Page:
Zhao v. Holder, No. 09-60083 (5th Cir. 2009)

Annotate this Case
Download PDF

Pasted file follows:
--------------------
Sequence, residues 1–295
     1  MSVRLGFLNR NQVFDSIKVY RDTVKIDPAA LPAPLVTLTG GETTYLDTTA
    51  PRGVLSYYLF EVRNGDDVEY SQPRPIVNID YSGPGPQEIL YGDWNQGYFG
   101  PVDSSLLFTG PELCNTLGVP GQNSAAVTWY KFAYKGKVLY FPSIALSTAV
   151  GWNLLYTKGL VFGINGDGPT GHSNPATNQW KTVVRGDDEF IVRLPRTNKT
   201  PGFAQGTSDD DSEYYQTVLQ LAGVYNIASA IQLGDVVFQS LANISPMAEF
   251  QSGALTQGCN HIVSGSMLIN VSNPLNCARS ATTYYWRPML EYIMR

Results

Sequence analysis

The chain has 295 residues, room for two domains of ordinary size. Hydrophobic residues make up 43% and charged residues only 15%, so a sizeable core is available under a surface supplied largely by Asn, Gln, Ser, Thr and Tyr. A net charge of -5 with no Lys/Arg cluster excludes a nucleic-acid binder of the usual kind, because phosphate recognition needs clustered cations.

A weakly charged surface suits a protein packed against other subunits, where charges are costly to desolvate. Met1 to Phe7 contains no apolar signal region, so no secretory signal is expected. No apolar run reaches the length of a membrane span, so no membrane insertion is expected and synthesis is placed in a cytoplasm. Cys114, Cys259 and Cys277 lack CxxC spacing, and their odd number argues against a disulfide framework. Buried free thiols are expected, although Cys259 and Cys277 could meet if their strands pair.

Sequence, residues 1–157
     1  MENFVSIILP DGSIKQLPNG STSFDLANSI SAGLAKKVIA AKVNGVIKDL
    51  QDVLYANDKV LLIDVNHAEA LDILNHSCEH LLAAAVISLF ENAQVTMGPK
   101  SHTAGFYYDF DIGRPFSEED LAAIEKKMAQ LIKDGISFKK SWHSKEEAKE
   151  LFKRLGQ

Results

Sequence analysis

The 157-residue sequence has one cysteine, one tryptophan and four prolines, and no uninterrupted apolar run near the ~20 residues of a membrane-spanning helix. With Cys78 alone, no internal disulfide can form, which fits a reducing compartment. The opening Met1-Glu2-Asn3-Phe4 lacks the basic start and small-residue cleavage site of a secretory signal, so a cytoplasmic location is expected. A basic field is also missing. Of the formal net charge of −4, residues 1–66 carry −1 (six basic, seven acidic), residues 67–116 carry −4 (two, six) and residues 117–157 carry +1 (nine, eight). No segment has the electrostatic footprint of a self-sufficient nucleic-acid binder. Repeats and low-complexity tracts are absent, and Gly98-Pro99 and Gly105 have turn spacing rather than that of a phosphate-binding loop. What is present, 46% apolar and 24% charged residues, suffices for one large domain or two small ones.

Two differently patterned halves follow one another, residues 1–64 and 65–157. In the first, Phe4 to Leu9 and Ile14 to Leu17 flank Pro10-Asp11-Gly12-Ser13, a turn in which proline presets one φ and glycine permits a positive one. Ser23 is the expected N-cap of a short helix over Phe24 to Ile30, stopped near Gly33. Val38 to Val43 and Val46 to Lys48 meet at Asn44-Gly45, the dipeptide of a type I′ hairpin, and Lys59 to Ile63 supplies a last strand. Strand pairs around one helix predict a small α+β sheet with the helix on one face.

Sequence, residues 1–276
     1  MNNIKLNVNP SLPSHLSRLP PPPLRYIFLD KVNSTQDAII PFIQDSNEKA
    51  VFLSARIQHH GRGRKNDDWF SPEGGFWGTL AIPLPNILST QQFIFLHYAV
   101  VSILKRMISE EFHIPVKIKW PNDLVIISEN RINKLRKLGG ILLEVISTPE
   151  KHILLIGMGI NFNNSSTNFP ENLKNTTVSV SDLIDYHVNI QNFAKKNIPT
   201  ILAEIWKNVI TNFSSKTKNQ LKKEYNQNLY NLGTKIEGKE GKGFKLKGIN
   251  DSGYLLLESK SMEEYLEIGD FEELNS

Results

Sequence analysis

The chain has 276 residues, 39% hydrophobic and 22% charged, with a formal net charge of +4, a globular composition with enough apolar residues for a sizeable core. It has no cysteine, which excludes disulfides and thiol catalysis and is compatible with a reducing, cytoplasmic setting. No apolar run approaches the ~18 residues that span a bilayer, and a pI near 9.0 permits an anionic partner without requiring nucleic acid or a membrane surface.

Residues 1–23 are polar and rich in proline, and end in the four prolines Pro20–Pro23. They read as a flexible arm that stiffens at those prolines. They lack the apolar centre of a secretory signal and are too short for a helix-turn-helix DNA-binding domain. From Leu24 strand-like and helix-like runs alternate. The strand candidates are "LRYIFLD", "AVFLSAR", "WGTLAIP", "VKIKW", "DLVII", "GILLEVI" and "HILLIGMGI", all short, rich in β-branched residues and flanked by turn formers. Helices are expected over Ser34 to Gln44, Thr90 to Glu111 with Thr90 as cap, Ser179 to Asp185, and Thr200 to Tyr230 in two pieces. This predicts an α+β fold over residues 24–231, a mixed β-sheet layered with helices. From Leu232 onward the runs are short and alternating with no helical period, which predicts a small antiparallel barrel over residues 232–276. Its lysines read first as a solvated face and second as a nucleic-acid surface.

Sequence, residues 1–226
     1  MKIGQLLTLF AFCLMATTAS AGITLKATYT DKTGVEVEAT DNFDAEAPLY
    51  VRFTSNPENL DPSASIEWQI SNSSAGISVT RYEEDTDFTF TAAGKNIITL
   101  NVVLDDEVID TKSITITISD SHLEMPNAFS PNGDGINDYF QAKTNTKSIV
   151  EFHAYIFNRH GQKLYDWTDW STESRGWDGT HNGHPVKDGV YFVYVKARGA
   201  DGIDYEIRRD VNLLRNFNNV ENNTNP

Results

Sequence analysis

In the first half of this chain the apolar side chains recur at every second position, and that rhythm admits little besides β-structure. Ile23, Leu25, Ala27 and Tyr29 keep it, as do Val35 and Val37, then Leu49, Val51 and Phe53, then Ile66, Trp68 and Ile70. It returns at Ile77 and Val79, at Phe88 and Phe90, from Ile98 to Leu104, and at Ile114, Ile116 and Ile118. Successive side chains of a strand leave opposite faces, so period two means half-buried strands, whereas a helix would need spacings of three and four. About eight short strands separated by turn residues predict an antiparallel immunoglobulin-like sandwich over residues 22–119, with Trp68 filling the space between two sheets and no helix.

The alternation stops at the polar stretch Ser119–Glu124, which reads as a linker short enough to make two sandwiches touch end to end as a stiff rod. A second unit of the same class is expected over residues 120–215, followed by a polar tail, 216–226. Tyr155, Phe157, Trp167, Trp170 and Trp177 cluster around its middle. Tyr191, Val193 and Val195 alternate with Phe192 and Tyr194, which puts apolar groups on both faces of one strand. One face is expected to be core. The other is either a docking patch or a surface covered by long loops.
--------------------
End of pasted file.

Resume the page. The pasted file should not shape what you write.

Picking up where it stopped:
IN THE UNITED STATES COURT OF APPEALS United States Court of Appeals FOR THE FIFTH CIRCUIT Fifth Circuit FILED December 18, 2009 No. 09-60083 Charles R. Fulbruge III Clerk QIAN ZHAO, Petitioner v. ERIC H. HOLDER, JR., U.S. ATTORNEY GENERAL, Respondent Petition for Review of an Order of the Board of Immigration Appeals BIA No. A78 609 281 Before REAVLEY, CLEMENT, and SOUTHWICK, Circuit Judges. PER CURIAM:* Qian Zhao petitions for review of a Board of Immigration Appeals ( BIA ) denial of his application for asylum and withholding of removal. We DENY the petition. FACTS Zhao is a native and citizen of China. He is of East Turkistani ethnicity. In about 1993, Zhao received a passport from the Chinese government and entered the United States on a J-1 exchange visitor visa. A Chinese charity * Pursuant to 5TH CIR . R. 47.5, the court has determined that this opinion should not be published and is not precedent except under the limited circumstances set forth in 5TH CIR . R. 47.5.4. No. 09-60083 group paid for his education in America. He graduated from the University of Houston with a Master s degree in Computer Science. He visited China for two weeks in 2002, but it is not clear what documents he used to reenter the United States. In March 2008, the Department of Homeland Security issued a notice to appear charging Zhao as removable because he did not possess a valid entry document. See 8 U.S.C. § 1182(a)(7)(A)(i)(I). Zhao admitted that he was not a citizen or national of the United States, was instead a native of China, and was an immigrant without a valid entry document. Zhao filed an application for asylum, for withholding of removal, and for relief under the Convention Against Torture ( CAT ). The Immigration Judge ( IJ ) denied relief and ordered Zhao removed to China. Zhao was found ineligible for asylum because his application was not timely and he failed to prove changed or extraordinary circumstances in China to justify the late filing. The IJ denied Zhao s application for withholding of removal because his testimony was not credible due to repeated inconsistencies. The inconsistencies that concerned the IJ and which the BIA also mentioned included Zhao s testimony that he was baptized into a Baptist church in Louisiana in 1994. In his asylum application, though, he stated that he was Muslim. Further, Zhao testified that he was one of 5,000 participants in an independence demonstration in East Turkistan in 1989 which was quashed by 100,000 Chinese troops. The BIA agreed with the IJ that the absence of any news reports of the protest created a need for some other kind of corroboration. Zhao claimed the Chinese government did not allow reporters to cover the demonstration, but the IJ did not find the point persuasive. The BIA agreed that additional doubts arose from Zhao s testimony that he wrote numerous articles criticizing the Chinese government and had published them on a website operated by the Chinese Labor Watch. Zhao also 2 No. 09-60083 stated he had been the webmaster for the website. The problem was that nothing on the website or in the material Zhao provided supported his testimony. Zhao did provide a letter from the director of the Labor Watch. It stated only that Zhao had volunteered over 200 hours of his time and did not address whether he had been a webmaster or had written any of the articles published on the website. The IJ mentioned other difficulties with Zhao s testimony, but none of them were mentioned in the BIA opinion. The BIA affirmed the IJ on all issues. Zhao petitions this court for review. DISCUSSION Zhao s petition for review is presented pro se. He lists thirteen issues, many without any substantive discussion in his petition. To address his issues in a reasonable fashion, we discuss them in terms of the three forms of relief that he seeks asylum, withholding of removal, and relief under the CAT. The BIA decision, issued by a single member of the Board, discussed Zhao s issues in some detail. Even so, on some points the BIA incorporated by reference the IJ s reasoning and then stated its agreement. The decision we review is that of the BIA, except to the extent it contains no independent explanation and instead depended upon the IJ s analysis. Wang v. Holder, 569 F.3d 531, 536 (5th Cir. 2009). We look to the IJ s explanation only as necessary. Zhao argues that the regulation providing for single-member BIA decisions did not apply to this appeal. By regulation, the appeal from an IJ must be decided by a single-member unless it meets one of six criteria. See 8 C.F.R. § 1003.1(e)(6). These include such matters as settling inconsistencies among rulings by various IJs, the presence of an issue of national importance, and the need to establish a precedent. Id. Zhao does not present any argument as to why his case had to be referred to a three-member panel. We do not explore the issue further and find no error in this single-member disposition. 3 No. 09-60083 A. Application for Asylum An alien must file an application for asylum within one year of arriving in the United States. 8 U.S.C. § 1158(a)(2)(B). An untimely application may be excused if the alien demonstrates either the existence of changed circumstances which materially affect the applicant s eligibility for asylum or extraordinary circumstances relating to the delay. Id. § 1158(a)(2)(D). Zhao s application for asylum was filed well over a year after his entry. He argues, though, that systematic human rights abuses and genocides are happening now in the formerly independent country of East Turkistan. On a petition for review of a BIA decision, we have no jurisdiction to reconsider the BIA s assessment of the facts in deciding that there was no change in circumstances excusing the delay in filing for asylum, but may only review constitutional claims and questions of law. Nakimbugwe v. Gonzales, 475 F.3d 281, 284 (5th Cir. 2007); 8 U.S.C. §§ 1158(a)(3), 1252(a)(2)(D). The BIA s decision was based on a factual assessment of whether conditions had changed in China. We lack jurisdiction on this issue. B. Withholding of Removal Even though asylum was denied, Zhao would be entitled to withholding of removal and therefore not to be returned to China when deported if he had shown that his life and freedom would be threatened in that country because of the alien s race, religion, nationality, membership in a particular social group, or political opinion. 8 U.S.C. § 1231(b)(3)(A). Withholding is mandatory if Zhao demonstrated in the removal proceedings that there is a clear probability of persecution as a result of one of the stated reasons upon his return to China. Kane v. Holder, 581 F.3d 231, 238 (5th Cir. 2009). The clear probability standard has been interpreted to mean that it is more likely than not that his life or freedom would be threatened by persecution on account of race, religion, 4 No. 09-60083 nationality, membership in a particular social group, or political opinion. Id. at 238; see also 8 C.F.R. § 1208.16(b)(1)(iii). We have jurisdiction to review a final order of removal, including an order refusing to withhold removal. 8 U.S.C. § 1252(a), (b). Zhao s petition requires us to determine if there is substantial evidence to support the BIA s factual conclusion that he is ineligible for withholding of removal. Efe v. Ashcroft, 293 F.3d 899, 906 (5th Cir. 2002). The administrative findings of fact are conclusive unless any reasonable adjudicator would be compelled to conclude to the contrary . . . . 8 U.S.C. § 1252(b)(4)(B). The applicant s testimony alone may be sufficient if the trier of fact finds his testimony credible. See 8 U.S.C. § 1231(b)(3)(C) (evaluating the evidence on withholding of removal should be conducted in the manner described in 8 U.S.C. § 1158(b)(1)(B)(ii) and (iii), which applies to asylum determinations). In our first precedential decision applying these judicial review limits in Sections 1158 and 1252, which became effective in 2005, we adopted a test from a sister circuit: we will sustain an IJ s determination that a witness was not credible unless, from the totality of the circumstances, it is plain that no reasonable fact-finder could make such an adverse credibility ruling. Wang, 569 F.3d at 538 (quoting Lin v. Mukasey, 534 F.3d 162, 167 (2d Cir. 2008)). The IJ discussed a number of inconsistencies in Zhao s testimony and applications. Since Zhao was found not to be credible, he needed to present corroborating evidence to support withholding of removal. See 8 U.S.C. §§ 1158(b)(1)(B)(ii), (iii) & 1231(b)(3)(C). Insufficient corroboration was introduced. The BIA agreed that Zhao was not credible. We accept that finding because the record does not make it plain that no reasonable fact-finder could make such an adverse credibility ruling. Wang, 569 F.3d at 167. Once that credibility decision is accepted, the record also does not compel a finding that, 5 No. 09-60083 more likely than not, Zhao would be persecuted if returned to China. See Efe, 293 F.3d at 906. C. Convention Against Torture The Convention Against Torture was adopted by the United Nations in 1984 and ratified by the United States Senate in 1990. 136 C ONG. R EC. S1748692 (daily ed. Oct. 27, 1990) (ratification of the CAT with reservations). In 1998, legislation was passed that required implementing regulations to be adopted within 120 days. See Pub. L. No. 105-277, § 2242(b); see also Tamara-Gomez v. Gonzales, 447 F.3d 343, 347 n.3 (5th Cir. 2006). The resulting regulations place the burden on an applicant under the CAT to prove that it is more likely than not that he will be tortured in the country to which it is proposed that he be returned. 8 C.F.R. § 1208.16(c)(2). There is no need to show that the torture would be due to one of the five reasons for withholding of removal that apply to persecution as discussed in the preceding section. Id. The IJ found that Zhao had failed to show he would be tortured if returned to China. In a one-sentence agreement, the BIA said Zhao had presented no persuasive arguments on appeal to justify reversal. We find no error. Zhao has pending motions. As this case did not present exceptional circumstances, we found no reason to grant the motion to appoint counsel. The motion is DENIED. See Ulmer v. Chancellor, 691 F.2d 209, 212 (5th Cir. 1982). Zhao s motions to supplement the record are also DENIED. We may consider on a petition for review only the evidence that was before the BIA, not new evidence first presented here. 8 U.S.C. § 1252(b)(4)(A). The petition for review is DENIED. 6